The party expanded in size, growing, as if resting on a bubble, bigger and bigger with every breath. Just when the room seemed to be brimming beyond capacity, the door smashed open, giving the human gaggle air enough to bellow the name of the first face spotted at the door, in a chorus.
I felt something of a bug tickle but couldn’t distinguish the source from within the hive. Someone touched my arm, lightly, just enough to get my attention. On the left someone I had never met before, my eyes moved right, followed by my head, and then my heart beating with the blaze of a firecracker, strong at first and then simmering down, landing in my toes.
I said words in my head, but they remained unspoken in my mouth; lies all of them. I said something like I’m fine, I’m well for the most part. The crowd moved with the sway of a rock stadium show, requiring white-water rafting balance skills to stay face-to-face. We cannot talk properly here, Laura said in my ear, let’s meet for lunch, let’s meet tomorrow. I nodded quickly, as she mentioned a place we both knew well. She melted back into the buzz, swept up in the waves, bopping in and out of focus. She reappeared in a flash as silhouette along the long bay windows and into the dim light of a picturesque amber sunset, which only the cat seemed to notice.
The restaurant so ripped apart, half closed, signs everywhere with pointed arrows leading customers away from the ugliness of stripped plaster and torn up rugs, the repulsion of change. Laura sat at a table underneath a large fern plant, draped in white light that didn’t look natural. She rose, tall and erect as a new lead pencil, waving me to the back of the long and narrow restaurant. Right away her freckled face and long ginger hair standing out amongst a sea of blond, and black, and brown, and smiling so widely it made me anxious. I marched forward, slower as I approached, pausing for something dreadful to happen, as if to trip on the icy tile floor, careening head first down the long aisle to her feet. I gave her some sort of a half embrace, half holding onto my large leather bag as an anchor.
She was surprised to run into me the other day, she said, then went on quickly with bullet speed telling me she was now working at an art school. The waiter’s ballet continued around us, twisting with grace to avoid our heads and shoulders while passing menus and plunking down condiments.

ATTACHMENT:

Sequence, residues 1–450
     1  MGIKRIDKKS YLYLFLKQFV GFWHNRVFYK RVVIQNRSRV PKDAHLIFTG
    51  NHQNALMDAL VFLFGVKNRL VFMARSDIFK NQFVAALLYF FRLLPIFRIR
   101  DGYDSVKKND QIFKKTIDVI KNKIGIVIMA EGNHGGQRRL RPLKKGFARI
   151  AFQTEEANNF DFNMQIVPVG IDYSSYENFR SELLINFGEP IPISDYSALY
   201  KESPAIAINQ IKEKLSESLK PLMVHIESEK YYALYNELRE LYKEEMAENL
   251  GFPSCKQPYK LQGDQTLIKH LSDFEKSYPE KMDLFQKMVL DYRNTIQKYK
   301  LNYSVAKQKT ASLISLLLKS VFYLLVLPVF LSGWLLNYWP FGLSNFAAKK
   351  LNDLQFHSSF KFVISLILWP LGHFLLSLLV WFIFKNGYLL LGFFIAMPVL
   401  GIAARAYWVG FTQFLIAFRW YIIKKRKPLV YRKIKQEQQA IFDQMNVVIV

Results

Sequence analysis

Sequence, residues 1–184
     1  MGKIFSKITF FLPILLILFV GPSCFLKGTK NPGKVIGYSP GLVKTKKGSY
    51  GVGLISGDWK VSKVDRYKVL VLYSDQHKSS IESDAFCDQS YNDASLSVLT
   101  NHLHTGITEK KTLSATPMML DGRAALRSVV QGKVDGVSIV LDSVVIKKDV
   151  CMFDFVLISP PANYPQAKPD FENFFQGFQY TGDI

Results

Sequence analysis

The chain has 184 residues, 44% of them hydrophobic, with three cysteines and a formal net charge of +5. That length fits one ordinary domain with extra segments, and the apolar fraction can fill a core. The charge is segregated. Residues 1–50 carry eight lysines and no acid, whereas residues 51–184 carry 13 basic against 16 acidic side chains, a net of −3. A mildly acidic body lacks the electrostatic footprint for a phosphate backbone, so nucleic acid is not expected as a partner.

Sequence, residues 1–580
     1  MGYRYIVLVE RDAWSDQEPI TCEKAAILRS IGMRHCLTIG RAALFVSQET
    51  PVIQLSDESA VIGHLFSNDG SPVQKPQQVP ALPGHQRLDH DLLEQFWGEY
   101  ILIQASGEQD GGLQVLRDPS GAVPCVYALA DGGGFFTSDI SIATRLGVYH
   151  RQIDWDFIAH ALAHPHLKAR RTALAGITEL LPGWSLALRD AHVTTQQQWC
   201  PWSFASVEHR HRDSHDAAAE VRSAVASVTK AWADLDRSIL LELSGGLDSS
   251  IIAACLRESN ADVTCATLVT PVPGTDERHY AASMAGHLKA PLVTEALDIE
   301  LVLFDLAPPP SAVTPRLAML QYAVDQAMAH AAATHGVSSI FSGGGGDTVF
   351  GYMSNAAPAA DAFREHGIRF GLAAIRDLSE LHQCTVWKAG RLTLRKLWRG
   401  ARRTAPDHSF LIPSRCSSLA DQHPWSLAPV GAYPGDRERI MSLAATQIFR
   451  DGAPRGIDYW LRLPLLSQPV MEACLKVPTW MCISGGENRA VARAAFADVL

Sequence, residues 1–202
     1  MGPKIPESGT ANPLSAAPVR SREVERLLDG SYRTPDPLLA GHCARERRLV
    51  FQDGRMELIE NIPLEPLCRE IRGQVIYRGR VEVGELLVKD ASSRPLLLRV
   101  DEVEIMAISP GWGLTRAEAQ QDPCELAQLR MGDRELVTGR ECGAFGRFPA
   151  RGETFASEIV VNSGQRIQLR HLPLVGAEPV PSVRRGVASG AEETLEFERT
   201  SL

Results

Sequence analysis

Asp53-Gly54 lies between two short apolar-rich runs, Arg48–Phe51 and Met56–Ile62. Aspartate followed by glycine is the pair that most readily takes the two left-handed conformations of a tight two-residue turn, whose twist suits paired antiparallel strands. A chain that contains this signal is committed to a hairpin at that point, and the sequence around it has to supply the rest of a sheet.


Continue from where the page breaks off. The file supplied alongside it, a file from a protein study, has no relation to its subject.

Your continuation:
I nodded approvingly, but inside, I wondered why I’d accepted this invitation. Did I want closure of some sort, or for her to tell me it was just a senseless cliché five years ago, leaving me for my friend and writing partner, stealing all the gift cards and cash from our engagement party, where nearly 200 people toasted us and our upcoming wedding that fall? Did she want me back, or did she need money?
Her words all confetti, here and everywhere, I grasped only bits and pieces. All these ideas that deserved to be their own, now one long expression, one long sentence, and in all this togetherness her sentiments were incomplete.
One could say the volume in the restaurant was the problem, conversations fizzing from each table, yet the only other voices were that of the plasterers sitting on large tubs eating sandwiches, not seen but through the sheer tarp that moved with the breeze when someone walked past. Loudness from the outside was absent, but I heard it clearly: I heard the shrill of anger in my ears — fiery hot, once hitting my eardrum it burned there and disappeared into ash. It’s a sound I will never unhear.
She left me. She left me to explain and tell our sad story countless times on the street to friends and their accompanying strangers of how she’d moved away, leaving me with the cat and rent. The friend, after listening to the tale, would open their arms, reeling me into a hug that lasted too long, forcing me to break the release. Those hugs make everyone feel uneasy. The strangers only looked at their shoes.
I called to beg her home, please come back, but there was always a party in Silver Lake that needed attending, and a girl waiting in the car.
If only, she said now recounting the past, in the restaurant camouflaged in rented vegetation, if her paintings sold, we’d be off to Paris right now. “It was meant as a joke,” she said quickly. When did she learn how to do this, flip her treasons into sport, as if the other person was somehow stiff or needed to lighten up? I thought it the equivalent of men saying “smile” when passing a girl, demanding we change mood on command.
A rough changing of gear, head down almost in prayer, eyes a little closed, she told me my writing partner never really wrote, and she knew it was me all along with the brains and get-up. I was the one, said almost in song, it was me. The near apology made her thirsty, gulping water enough for a marathon run.
She pledged to pay me back, all of it, selling what she could and giving me all the money, vowing to return all she took. I see her now, a woman with artist’s dreams, yet never willing to work hard enough to live an artist’s life, alone and isolated, for the most part. Her face poised as she said the words, rolling up and down her arm a troupe of silver bracelets, worn to give her fingers a distraction. Scraping her feet to and fro, sandpapering the floor, the gaps between her words stretched. She was waiting for liberation, for me to tell her it was all fine like so many times before. Similar to the years I was attendant to so many of her masks, different each day, depending on her whim. Her casual way of slipping into role, promising this time she would see something through, until it was me she was done with.
In the newly painted air, through the haze of dust and soot, I realized her only profession was living astonishing adventures, and that those who loved her were required only to watch her have them and pretend they were more than daydreams. That was the love affair, after all; she was in love with herself and her stories.
We’d met in a bookstore, an old-fashioned shop sandwiched between a Starbucks and a Pilates studio, so small that from the street it was just a front door. Laura knew nothing of books, or running a store, but she baked small sugar cookies for the patrons and talked about the art section of the Times, so Diana, the owner, kept her around. Laura also pasted flyers all over the back wall of the store, so people came in to look for guitar lessons or a roommate. Diana loved the foot traffic.